June 22, 2011
Contact:Sean Sarah, 202 548-4859, firstname.lastname@example.org
New Report: Getting the Grid to Work for Us
Recommendations on How To Best Upgrade Electricity Transmission in the Mid Atlantic
Washington, DC -- Today, the Sierra Club and Synapse Energy Economics released a new report detailing how PJM Interconnection will deal with coming challenges to the Mid-West and Mid-Atlantic electric power grids. The report entitled PJM System Planning Enhancements for the 21st Century examines how PJM can best meet the needs of the more than 51 million Americans who, despite changing safeguards on coal fired power in the region, rely on the infrastructure they maintain to keep the lights on.
Click here to download the report.
As the regional transmission operator for much of the eastern part of the country PJM is responsible for reliable transmission service that is efficient and non-discriminatory. Now that it must contend with new safeguards and public policy measures it is more important than ever that PJM do its job efficiently and to the benefit of everyone that it serves.
"A smart, sustainable transmission system is in the best interests of ratepayers, power generators and PJM," said Paul Peterson of Synapse Energy Economics. "This report not only paves the way forward in reliability but shows how PJM can save rate payers money, solve the problems of costly plant phase outs and ensure compliance with strong environmental safeguards."
In the last two years a wave of coal fired power plants have announced that they will phase out over the coming years. These phase outs bring distinct challenges to ensuring reliable power transmission. This report seeks to provide smart, real world solutions to deal with those challenges while providing added economic and environmental benefits to the mix. The report finds that:
*PJM must plan for the retirement of coal fired power plants: The grid it oversees faces a loss of approximately 14,000 megawatts or more in coal fired power over the next few years as operators decide to close down old, dirty plants, rather than invest in pollution controls required by long-overdue Clean Air Act safeguards. If PJM does not properly plan for these retirements, generators will be able to charge ratepayers to keep these plants open longer, while PJM addresses any reliability hurdles caused by the retirements.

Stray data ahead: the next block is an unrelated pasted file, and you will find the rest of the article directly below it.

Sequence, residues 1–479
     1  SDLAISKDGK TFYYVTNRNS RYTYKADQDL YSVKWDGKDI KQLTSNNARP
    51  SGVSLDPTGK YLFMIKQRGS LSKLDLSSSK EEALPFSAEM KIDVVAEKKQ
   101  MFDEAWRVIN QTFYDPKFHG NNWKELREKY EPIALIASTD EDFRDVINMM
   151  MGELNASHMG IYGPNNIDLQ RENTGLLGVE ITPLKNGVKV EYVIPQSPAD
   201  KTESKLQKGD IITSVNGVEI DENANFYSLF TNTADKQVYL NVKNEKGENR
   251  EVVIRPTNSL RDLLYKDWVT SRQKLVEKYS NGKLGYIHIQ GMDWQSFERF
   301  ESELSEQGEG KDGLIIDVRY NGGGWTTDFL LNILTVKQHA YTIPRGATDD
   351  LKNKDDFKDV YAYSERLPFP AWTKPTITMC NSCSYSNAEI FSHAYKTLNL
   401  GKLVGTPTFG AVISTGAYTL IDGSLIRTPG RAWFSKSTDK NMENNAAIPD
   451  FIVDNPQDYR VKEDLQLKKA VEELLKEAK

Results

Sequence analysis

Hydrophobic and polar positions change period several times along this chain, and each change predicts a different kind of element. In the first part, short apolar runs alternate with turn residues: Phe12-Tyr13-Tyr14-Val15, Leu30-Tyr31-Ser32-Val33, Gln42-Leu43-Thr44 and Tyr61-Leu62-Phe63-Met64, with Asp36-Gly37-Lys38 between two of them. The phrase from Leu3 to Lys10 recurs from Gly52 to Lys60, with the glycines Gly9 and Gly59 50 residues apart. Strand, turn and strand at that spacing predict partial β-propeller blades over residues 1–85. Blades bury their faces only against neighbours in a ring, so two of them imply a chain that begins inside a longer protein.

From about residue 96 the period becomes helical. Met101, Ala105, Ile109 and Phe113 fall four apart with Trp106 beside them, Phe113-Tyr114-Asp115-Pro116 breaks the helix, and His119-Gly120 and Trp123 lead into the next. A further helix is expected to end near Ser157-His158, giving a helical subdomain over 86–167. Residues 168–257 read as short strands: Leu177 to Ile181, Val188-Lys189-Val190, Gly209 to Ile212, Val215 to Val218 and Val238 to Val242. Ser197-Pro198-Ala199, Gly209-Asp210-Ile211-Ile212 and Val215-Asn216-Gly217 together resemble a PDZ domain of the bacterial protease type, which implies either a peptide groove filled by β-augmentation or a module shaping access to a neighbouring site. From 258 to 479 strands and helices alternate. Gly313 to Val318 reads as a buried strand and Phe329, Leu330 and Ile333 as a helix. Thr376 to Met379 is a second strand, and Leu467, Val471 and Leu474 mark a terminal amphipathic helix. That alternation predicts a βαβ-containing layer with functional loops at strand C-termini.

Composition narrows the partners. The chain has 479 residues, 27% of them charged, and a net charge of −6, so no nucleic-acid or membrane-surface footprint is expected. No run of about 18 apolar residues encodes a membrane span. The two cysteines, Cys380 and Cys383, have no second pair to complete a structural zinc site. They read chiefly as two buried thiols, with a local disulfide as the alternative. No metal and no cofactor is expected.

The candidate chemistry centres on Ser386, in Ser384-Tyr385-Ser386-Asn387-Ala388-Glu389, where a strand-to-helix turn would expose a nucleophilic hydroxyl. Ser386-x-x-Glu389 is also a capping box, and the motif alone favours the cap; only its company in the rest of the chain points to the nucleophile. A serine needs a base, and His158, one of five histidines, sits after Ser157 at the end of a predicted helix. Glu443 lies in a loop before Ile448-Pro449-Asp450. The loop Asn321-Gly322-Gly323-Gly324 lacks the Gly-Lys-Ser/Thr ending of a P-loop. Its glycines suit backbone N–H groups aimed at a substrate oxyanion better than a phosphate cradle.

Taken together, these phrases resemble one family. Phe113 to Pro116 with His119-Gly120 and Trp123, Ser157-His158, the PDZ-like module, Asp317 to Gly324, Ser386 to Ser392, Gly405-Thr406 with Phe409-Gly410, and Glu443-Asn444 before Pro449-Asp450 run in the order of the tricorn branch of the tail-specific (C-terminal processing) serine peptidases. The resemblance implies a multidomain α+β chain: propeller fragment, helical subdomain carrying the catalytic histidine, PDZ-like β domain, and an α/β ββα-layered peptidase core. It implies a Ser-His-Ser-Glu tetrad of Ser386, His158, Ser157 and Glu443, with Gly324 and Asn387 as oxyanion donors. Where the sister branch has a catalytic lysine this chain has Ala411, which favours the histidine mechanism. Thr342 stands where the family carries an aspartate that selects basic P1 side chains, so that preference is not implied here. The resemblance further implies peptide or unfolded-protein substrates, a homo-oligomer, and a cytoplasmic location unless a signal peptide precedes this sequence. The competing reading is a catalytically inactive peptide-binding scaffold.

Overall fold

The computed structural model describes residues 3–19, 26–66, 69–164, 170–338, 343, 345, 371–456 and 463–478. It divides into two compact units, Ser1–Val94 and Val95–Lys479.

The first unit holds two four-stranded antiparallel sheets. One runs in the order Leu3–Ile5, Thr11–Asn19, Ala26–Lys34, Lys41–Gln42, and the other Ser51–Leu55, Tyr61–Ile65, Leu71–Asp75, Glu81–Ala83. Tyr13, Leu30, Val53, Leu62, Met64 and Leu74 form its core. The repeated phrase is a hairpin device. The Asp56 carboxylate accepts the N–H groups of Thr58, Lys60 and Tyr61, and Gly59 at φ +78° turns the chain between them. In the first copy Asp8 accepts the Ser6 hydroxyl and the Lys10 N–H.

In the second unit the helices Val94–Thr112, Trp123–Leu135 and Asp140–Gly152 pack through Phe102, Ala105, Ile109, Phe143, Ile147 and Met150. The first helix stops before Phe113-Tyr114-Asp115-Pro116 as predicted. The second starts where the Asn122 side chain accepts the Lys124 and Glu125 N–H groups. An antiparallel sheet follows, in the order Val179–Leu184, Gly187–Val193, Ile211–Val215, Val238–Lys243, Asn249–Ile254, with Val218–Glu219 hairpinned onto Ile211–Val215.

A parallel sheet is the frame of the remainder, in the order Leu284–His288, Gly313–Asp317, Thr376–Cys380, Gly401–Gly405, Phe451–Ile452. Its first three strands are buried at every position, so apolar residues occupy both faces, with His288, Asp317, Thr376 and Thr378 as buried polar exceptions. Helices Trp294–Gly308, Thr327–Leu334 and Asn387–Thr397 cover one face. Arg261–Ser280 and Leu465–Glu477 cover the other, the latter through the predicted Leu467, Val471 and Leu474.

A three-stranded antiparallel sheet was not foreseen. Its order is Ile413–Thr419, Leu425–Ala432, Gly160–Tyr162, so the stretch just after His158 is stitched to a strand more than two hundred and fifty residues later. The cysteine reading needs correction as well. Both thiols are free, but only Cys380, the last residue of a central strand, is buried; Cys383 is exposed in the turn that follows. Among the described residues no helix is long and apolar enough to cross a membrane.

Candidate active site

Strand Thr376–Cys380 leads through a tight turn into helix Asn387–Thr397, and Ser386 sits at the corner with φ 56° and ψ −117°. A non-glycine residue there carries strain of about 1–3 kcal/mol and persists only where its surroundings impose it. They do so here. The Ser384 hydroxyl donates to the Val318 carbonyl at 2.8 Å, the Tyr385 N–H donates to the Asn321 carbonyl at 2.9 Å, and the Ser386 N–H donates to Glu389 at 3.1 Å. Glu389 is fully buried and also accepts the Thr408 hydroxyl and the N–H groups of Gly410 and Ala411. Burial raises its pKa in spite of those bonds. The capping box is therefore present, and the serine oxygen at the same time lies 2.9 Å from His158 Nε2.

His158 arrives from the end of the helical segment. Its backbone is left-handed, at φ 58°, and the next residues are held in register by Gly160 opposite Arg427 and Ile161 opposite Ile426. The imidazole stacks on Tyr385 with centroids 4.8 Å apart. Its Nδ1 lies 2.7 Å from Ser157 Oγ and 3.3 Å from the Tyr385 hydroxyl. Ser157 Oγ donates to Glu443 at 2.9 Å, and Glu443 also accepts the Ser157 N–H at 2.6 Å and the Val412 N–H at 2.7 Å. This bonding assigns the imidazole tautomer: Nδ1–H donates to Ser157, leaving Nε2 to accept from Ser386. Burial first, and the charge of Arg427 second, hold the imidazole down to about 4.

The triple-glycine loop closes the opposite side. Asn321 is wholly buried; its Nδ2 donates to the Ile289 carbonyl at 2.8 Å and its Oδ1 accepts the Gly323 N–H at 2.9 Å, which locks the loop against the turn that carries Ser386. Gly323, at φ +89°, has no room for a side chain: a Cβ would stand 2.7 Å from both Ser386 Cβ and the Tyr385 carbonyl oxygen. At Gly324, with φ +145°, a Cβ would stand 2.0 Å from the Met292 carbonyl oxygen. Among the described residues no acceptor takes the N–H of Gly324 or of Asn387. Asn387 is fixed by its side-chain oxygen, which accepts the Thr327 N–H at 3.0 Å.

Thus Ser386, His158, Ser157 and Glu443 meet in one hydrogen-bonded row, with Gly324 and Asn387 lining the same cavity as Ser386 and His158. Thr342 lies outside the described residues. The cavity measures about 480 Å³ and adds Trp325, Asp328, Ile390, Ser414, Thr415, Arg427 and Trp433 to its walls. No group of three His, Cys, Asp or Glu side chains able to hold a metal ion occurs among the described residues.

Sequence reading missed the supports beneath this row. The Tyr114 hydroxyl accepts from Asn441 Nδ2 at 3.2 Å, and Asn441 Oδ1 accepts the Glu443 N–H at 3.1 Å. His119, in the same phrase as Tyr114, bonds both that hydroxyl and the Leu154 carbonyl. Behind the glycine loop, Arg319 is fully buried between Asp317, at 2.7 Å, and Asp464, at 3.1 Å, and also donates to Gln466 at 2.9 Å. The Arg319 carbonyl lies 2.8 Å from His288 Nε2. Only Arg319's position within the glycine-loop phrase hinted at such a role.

*PJM can solve the problem of expensive plant shutdowns by getting an earlier start on the process: requiring power producers to give more than a 90 day notice of retirement, carefully analyzing public data to determine which plants are likely to close and researching which may cause reliability problems on the grid.
*In many cases costly new transmission lines don’t have to be built: By taking an example from New York state’s existing efforts, PJM can find low cost solutions by requesting proposals from the public for low-cost reliability solutions, including alternatives that don’t require building transmission lines, and transparently considering them.
The report details multiple solutions to the reliability issues faced over the coming years including better stress testing of the grid, a focus on long term planning and implementing renewable energy into the regional grids portfolio.
To view the report visit http://sc.org/kTzubj.